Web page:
Outcomes Following Urgent/Emergent Transcatheter Aortic Valve Replacement: Insights From the STS/ACC TVT Registry.
OBJECTIVES: The authors sought to examine outcomes and identify independent predictors of mortality among patients undergoing urgent/emergent transcatheter aortic valve replacement (TAVR). BACKGROUND: Data on urgent/emergent TAVR as a rescue therapy for decompensated severe aortic stenosis (AS) are limited. METHODS: The Society of Thoracic Surgeons and the American College of Cardiology Transcatheter Valve Therapy (STS/ACC TVT) Registry linked with Centers for Medicare & Medicaid Services claims was used to identify patients who underwent urgent/emergent versus elective TAVR between November 2011 and June 2016. Outcomes assessed were device success rate, in-hospital major adverse events, and 30-day and 1-year mortality. Independent predictors of mortality after urgent/emergent TAVR were examined. RESULTS: Of 40,042 patients who underwent TAVR, 3,952 (9.9%) were urgent/emergent (median STS PROM score 11.8 [interquartile range: 7.6 to 17.9]). Device success rate was statistically lower, but not clinically different after urgent/emergent versus elective TAVR (92.6% vs. 93.7%; p = 0.007). Rates of major and/or life-threatening bleeding, major vascular complications, myocardial infarction, stroke, new permanent pacemaker placement, conversion to SAVR, and paravalvular regurgitation were similar between the 2 groups. Compared with elective TAVR, patients undergoing urgent/emergent TAVR had higher rates of acute kidney injury and/or new dialysis (8.2% vs. 4.2%; p < 0.001), 30-day mortality (8.7% vs. 4.3%, adjusted hazard ratio: 1.28, 95% confidence interval: 1.10 to 1.48), and 1-year mortality (29.1% vs. 17.5%, adjusted hazard ratio: 1.20, 95% confidence interval: 1.10 to 1.31). In patients undergoing urgent/emergent TAVR, non-femoral access and cardiopulmonary bypass were associated with increased risk, whereas use of balloon-expandable valve was associated with decreased risk of 30-day and 1-year mortality. CONCLUSIONS: Urgent/emergent TAVR is feasible with acceptable outcomes and may be a reasonable option in a selected group of patients with severe AS.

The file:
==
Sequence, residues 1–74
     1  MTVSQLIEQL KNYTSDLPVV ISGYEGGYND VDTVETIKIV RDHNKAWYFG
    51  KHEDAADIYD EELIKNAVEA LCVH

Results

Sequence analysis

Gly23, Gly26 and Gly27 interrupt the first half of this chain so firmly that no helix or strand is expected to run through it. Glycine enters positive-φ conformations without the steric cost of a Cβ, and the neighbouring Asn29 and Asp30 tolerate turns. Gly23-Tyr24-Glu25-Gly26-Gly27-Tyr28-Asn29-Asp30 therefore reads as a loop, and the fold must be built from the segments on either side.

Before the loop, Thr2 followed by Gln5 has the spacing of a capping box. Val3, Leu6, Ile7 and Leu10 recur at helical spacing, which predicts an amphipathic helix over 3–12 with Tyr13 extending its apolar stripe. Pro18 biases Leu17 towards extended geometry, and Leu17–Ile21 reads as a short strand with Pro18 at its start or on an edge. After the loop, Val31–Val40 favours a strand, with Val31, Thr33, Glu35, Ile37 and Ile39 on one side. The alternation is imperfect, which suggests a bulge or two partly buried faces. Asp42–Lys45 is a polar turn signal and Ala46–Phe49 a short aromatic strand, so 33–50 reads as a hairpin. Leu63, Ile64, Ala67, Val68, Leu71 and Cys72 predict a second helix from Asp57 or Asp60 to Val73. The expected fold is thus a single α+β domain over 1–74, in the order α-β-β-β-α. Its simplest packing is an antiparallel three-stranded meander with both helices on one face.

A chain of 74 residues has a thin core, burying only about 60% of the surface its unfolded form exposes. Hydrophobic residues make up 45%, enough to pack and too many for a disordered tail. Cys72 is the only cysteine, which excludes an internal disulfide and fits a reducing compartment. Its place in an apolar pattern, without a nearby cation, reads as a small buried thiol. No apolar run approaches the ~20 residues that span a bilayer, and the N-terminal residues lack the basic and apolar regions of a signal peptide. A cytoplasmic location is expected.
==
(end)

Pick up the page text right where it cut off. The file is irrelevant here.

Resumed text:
Kolte, D; Khera, S; Vemulapalli, S; Dai, D; Heo, S; Goldsweig, AM; Aronow, HD; Elmariah, S; Inglessis, I; Palacios, IF; Thourani, VH; Sharaf, BL; Gordon, PC; Abbott, JD
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